## 2     4.2   europe
## 3     1.3       US
## 4     7.2       US
## 5    42.0       US
## 6     2.3   europe
## 7     2.1   europe
## 8     3.1       US
## 9     2.7       US
## 10   24.0       US

If you use the “str” function on the “cleaned.apple” dataframe you will see that “location” was automatically converted to a factor.

This looks much better especially if you compare it to the original dataframe that is printed at the top of this post.

Ensemble Learning for Machine Models

One way to improve a machine learning model is to not make just one model. Instead, you can make several models  that all have different strengths and weaknesses. This combination of diverse abilities can allow for much more accurate predictions.

The use of multiple models is know as ensemble learning. This post will provide insights into ensemble learning as they are used in developing machine models.

The Major Challenge

The biggest challenges in creating an ensemble of models is deciding what models to develop and how the various models are combined to make predictions. To deal with these challenges involves the use of training data and several different functions.

The Process

Developing an ensemble model begins with training data. The next step is the use of some sort of allocation function. The allocation function determines how much data each model receives in order to make predictions. For example, each model may receive a subset of the data or limit how many features each model can use. However, if several different algorithms are used the allocation function may pass all the data to each model with making any changes.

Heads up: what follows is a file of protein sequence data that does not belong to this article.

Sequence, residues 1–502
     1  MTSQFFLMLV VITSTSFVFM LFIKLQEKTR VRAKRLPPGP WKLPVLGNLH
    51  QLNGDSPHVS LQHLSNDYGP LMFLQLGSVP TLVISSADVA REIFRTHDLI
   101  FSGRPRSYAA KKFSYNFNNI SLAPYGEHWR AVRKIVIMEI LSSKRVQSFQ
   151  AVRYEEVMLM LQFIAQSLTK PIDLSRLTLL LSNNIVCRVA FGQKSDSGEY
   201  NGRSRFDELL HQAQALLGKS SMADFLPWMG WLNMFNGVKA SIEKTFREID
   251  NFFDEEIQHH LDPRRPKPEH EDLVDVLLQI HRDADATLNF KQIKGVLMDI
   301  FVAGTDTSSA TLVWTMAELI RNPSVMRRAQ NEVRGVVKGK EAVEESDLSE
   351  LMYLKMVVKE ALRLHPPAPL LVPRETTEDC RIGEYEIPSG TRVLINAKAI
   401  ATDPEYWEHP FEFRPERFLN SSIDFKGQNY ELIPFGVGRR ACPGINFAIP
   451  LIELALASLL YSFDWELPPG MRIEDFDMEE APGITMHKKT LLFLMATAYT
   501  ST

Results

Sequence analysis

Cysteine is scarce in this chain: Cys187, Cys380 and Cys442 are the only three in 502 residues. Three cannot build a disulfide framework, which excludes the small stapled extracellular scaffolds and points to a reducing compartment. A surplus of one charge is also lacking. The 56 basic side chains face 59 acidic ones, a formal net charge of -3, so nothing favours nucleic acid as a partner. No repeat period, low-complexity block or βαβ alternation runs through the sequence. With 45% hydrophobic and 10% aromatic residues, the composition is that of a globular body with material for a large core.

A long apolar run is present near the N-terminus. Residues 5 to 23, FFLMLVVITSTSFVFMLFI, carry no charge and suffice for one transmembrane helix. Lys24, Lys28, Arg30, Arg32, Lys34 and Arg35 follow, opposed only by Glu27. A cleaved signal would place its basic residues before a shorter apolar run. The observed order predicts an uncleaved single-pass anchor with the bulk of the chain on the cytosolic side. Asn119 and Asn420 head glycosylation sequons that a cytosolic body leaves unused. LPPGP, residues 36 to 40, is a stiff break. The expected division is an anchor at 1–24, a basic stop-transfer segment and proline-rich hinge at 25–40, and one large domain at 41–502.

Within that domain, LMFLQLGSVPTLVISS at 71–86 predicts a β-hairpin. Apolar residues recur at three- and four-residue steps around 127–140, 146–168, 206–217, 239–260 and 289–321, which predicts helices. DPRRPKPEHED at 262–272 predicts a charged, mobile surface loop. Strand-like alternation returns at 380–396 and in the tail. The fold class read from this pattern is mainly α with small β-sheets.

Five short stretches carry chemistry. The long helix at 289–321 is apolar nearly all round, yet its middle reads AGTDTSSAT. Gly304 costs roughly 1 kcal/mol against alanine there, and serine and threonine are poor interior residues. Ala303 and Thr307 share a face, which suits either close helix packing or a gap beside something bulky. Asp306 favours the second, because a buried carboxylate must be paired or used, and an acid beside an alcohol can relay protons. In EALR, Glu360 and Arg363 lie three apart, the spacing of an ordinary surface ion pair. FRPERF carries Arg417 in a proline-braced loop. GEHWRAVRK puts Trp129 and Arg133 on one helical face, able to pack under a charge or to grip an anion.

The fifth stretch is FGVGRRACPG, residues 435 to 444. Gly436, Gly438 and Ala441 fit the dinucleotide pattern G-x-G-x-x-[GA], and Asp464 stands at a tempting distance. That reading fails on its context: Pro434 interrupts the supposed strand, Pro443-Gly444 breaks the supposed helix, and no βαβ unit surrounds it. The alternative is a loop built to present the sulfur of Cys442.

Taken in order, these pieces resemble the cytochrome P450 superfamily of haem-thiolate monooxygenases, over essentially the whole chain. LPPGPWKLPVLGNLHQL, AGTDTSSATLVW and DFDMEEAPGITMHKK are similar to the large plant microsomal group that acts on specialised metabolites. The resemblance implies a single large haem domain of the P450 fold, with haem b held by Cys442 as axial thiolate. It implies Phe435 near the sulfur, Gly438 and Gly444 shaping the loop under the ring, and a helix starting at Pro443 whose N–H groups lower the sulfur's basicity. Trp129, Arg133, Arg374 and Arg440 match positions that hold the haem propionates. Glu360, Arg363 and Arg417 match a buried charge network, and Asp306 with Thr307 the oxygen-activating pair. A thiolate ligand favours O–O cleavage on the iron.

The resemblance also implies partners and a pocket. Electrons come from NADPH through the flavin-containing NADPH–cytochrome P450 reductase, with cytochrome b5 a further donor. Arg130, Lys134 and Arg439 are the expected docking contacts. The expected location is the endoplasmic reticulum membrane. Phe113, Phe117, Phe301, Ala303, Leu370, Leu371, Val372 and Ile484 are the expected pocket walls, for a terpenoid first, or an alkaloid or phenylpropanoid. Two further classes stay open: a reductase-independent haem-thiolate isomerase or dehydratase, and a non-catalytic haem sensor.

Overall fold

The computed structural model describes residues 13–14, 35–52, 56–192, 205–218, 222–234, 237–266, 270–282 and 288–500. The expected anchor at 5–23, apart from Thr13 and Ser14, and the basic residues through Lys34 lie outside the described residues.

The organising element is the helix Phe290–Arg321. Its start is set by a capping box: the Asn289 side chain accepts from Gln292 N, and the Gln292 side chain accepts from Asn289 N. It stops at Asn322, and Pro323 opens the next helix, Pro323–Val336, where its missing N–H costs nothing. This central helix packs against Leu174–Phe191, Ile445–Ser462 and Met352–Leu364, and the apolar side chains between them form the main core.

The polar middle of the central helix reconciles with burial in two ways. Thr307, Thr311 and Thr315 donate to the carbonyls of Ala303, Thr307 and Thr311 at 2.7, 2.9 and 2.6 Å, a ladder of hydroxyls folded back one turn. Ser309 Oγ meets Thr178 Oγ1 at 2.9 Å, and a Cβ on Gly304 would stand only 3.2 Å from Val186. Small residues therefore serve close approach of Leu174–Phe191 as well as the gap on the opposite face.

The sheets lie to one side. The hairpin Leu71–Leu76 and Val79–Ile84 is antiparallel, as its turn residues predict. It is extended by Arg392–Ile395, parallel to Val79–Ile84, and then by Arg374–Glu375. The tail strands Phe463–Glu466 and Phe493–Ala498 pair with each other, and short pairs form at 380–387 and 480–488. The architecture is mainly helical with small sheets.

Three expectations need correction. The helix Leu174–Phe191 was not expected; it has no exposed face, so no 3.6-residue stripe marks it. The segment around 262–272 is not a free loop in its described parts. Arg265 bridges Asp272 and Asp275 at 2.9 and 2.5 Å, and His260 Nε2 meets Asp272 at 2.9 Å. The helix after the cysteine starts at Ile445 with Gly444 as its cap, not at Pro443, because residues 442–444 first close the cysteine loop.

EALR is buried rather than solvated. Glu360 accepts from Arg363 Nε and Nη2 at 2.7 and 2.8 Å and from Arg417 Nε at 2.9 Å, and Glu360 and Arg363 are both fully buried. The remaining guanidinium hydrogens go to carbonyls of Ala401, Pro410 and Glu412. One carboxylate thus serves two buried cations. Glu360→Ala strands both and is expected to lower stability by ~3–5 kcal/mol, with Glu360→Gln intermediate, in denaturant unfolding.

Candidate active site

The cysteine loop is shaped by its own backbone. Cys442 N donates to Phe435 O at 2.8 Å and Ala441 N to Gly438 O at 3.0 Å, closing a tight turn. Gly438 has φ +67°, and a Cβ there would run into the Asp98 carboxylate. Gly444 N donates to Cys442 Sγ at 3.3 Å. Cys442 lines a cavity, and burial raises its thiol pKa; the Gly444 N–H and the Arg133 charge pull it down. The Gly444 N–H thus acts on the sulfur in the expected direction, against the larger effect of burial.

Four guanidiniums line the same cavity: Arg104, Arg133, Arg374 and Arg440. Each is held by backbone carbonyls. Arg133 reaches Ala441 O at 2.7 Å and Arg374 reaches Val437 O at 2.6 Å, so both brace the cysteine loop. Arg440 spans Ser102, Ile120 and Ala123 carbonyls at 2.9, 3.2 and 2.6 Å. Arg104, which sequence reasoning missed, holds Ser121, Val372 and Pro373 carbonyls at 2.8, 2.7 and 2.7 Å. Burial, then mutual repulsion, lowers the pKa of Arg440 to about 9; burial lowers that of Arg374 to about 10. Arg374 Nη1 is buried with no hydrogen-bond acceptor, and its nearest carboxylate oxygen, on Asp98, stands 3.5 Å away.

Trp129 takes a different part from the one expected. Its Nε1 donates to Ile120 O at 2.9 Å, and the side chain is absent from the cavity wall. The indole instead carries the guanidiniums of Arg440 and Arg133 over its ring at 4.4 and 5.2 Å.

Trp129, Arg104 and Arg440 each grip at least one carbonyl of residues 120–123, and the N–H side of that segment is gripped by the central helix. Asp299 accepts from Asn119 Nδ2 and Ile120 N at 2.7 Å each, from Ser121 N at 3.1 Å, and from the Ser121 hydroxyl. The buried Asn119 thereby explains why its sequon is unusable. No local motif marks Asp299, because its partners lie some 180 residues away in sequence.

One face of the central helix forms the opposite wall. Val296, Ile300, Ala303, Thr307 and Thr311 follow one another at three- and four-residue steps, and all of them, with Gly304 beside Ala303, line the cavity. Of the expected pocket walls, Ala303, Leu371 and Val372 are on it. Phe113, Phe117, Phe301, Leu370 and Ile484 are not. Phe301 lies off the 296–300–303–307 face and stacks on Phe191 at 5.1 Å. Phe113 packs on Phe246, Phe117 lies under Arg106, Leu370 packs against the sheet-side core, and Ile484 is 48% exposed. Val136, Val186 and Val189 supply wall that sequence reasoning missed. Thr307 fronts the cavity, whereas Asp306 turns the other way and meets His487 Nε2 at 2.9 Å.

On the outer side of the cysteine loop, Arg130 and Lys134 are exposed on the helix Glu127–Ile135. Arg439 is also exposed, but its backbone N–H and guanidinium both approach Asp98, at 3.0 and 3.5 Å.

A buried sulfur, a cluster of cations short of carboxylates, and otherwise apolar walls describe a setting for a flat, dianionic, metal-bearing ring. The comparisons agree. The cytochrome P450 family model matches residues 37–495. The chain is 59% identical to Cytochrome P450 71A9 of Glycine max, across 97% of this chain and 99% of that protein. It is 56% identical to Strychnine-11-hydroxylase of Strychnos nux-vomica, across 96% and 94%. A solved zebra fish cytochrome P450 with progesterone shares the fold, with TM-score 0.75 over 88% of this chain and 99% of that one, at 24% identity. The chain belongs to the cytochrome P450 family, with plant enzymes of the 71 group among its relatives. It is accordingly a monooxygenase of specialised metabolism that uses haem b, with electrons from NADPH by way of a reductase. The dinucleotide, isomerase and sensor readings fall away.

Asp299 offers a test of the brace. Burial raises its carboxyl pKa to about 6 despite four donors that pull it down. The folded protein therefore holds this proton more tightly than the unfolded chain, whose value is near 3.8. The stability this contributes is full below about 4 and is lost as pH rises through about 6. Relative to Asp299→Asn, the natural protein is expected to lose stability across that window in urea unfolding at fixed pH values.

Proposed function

After the data is allocated, it is necessary for the models to be created. From there, the next step is to determine how to combine the models. The decision on how to combine the models is made with a combination function.

The combination function can take one of several approaches for determining final predictions. For example, a simple majority vote can be used which means that if 5 models where develop and 3 vote “yes” than the example is classified as a yes. Another option is to weight the models so that some have more influence then others in the final predictions.

Benefits of Ensemble Learning

Ensemble learning provides several advantages. One, ensemble learning improves the generalizability of your model. With the combine strengths of many different models and or algorithms it is difficult to go wrong

Two, ensemble learning approaches allow for tackling large datasets. The biggest enemy to machine learning is memory. With ensemble approaches, the data can be broken into smaller pieces for each model.

Conclusion

Ensemble learning is yet another critical tool in the data scientist’s toolkit. The complexity of the world today makes it too difficult to lean on a singular model to explain things. Therefore, understanding the application of ensemble methods is a necessary step.

 

Improving the Performance of Machine Learning Model